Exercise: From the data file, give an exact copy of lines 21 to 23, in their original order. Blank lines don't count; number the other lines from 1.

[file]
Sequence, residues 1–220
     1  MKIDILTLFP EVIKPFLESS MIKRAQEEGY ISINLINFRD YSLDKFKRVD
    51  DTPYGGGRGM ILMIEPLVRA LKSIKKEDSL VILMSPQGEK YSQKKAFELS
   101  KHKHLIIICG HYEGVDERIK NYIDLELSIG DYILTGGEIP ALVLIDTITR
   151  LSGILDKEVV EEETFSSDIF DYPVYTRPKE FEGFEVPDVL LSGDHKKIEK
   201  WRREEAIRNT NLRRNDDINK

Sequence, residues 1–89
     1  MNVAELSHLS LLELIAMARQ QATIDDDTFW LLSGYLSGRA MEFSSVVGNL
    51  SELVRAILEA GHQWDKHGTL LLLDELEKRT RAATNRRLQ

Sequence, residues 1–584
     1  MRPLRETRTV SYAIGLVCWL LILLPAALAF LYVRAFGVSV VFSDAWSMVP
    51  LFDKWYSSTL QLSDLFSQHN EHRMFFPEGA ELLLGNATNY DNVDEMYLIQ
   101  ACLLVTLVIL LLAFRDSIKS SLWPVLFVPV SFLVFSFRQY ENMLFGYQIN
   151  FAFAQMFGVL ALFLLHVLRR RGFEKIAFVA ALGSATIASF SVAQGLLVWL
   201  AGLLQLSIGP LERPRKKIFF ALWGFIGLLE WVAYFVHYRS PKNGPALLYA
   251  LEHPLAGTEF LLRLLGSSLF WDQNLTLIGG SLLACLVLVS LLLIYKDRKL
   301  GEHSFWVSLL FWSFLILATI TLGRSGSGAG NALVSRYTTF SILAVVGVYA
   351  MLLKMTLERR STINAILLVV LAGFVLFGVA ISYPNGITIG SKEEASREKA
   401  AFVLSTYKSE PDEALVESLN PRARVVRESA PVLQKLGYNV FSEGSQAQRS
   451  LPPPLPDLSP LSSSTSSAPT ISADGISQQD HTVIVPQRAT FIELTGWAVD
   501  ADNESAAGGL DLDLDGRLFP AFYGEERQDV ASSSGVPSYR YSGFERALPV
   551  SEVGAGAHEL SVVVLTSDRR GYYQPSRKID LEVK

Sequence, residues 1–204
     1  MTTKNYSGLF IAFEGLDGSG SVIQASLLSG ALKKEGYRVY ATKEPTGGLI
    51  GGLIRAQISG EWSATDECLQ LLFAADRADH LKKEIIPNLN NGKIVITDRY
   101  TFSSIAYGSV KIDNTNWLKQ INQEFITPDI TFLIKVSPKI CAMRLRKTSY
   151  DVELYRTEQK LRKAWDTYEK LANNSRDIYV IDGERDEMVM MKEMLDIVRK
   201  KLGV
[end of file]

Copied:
   501  ADNESAAGGL DLDLDGRLFP AFYGEERQDV ASSSGVPSYR YSGFERALPV
   551  SEVGAGAHEL SVVVLTSDRR GYYQPSRKID LEVK

Sequence, residues 1–204